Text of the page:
Another Scrap-Happy Quilting Adventure (+ A Super Quick One-Day Giveaway)

This quilting thing? It’s utter madness. I’m not alone, though; I know you share this insanity. You finish a quilt, give it away, and in that pause between taking a deep, refreshing breath and re-committing to getting the house in order, you blow off your good intentions and turn on the sewing machine.

Yup, I did that within hours of the end of my recent holiday. I’d been eyeing another scrap-happy project, a Blue Underground Studios pattern called “Sticks and Bricks” published in the April 2012 issue of American Patchwork & Quilting, and I succumbed. Mind you, I do have a deadline for a magazine project-like thing plus a super-secret pattern in development. What the heck, go big or do housework. I’m opting for a BIG pile of quilts!

Quilt-J:  Another Scrappy Quilt in the Making--A Blue Underground Studios Pattern
Ready for the first draft layout–I’m a little scared of the dark blocks.

I’ll post a picture when I ‘m done, but the Blue Underground Studios version is so pretty, I reserve the right to “forget” to post if I don’t like my result.

As I mentioned in my Tuesday post, I delivered a colorful scrappy quilt to my sister-in-law Laurence when we met up in Los Angeles recently for her daughter’s (my niece/god-daughter’s) bridal shower. Our hostess (and newest extended-family member as mother-of-the-groom) has the perfect setting for styled quilt photography so we staged an impromptu al fresco photo shoot.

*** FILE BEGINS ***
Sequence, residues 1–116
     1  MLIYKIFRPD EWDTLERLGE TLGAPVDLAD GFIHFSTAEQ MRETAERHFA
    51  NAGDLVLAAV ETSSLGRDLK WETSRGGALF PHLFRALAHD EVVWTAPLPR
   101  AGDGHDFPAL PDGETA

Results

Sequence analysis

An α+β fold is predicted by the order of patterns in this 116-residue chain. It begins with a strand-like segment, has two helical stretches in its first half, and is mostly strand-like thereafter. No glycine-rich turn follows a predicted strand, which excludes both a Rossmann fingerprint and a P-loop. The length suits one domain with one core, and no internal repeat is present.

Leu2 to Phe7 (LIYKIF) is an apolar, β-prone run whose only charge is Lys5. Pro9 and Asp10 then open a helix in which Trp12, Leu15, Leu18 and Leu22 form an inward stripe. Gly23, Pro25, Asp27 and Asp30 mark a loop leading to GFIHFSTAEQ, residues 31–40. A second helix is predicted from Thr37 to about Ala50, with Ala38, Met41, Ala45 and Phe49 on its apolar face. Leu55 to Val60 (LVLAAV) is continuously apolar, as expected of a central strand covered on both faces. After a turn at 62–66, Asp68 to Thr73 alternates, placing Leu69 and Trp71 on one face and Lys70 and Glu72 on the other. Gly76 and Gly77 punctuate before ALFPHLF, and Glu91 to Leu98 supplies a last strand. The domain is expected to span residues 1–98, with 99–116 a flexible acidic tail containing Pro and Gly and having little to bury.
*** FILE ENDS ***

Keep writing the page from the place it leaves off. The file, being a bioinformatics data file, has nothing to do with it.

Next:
Quilt-J:  Romance Shot of Laurence's Scrappy Quilt
I did NOT plan this photo shoot–it was kismet: the colors, the furniture, the sunny day.
Thanks to Marla!

Here’s a closer look at the quilt. One of my favorite long-armers, Elaine Beattie, machine quilted the top in a curvy water-drop motif.

Quilt-J:  Detail of Laurence's Scrappy QuiltScreen shot 2013-05-15 at 8.11.07 PMHere’s a look at the quilt back with it’s faced binding and accent triangles in the corners.

Just to update, the latest issue of The Quilt Life (June 2013) has an excellent explanation of faced bindings done by Ricky Tims with how-to photos and a primer for doing the triangles as well. I touched on faced bindings in a recent post and promised to tell you then when the magazine was available on newsstands.

Quilt-J:  Back Side of Laurence's Scrappy Quilt

Giveaway Details Here

Oh yes, about that super, super-quick giveaway . . . leave me a comment TODAY and I will  award a copy of Jelly Roll Quilts by Pam and Nicky Lintott at the end of the day and notify the winner Saturday morning. How’s that for insane fun?

Here’s your question:  What do you do: drop everything to quilt or clean your house first, then quilt?

p.s.  Hey Ginabeth, you’ve got a prize to claim from the Verna Mosquera giveaway!  Email us seehowwesew@gmail.com.

p.p.s.  May 18, 2013:  Here’s the name of the Lintott book giveaway winner:  Donna from Texas.  Congrats!

Happy quilting!

J-Signature

Another Week, Another Quilt, Another Giveaway Winner

Quilt-J: Fat Quarter Quilt
Freshly pieced and now ready for quilting.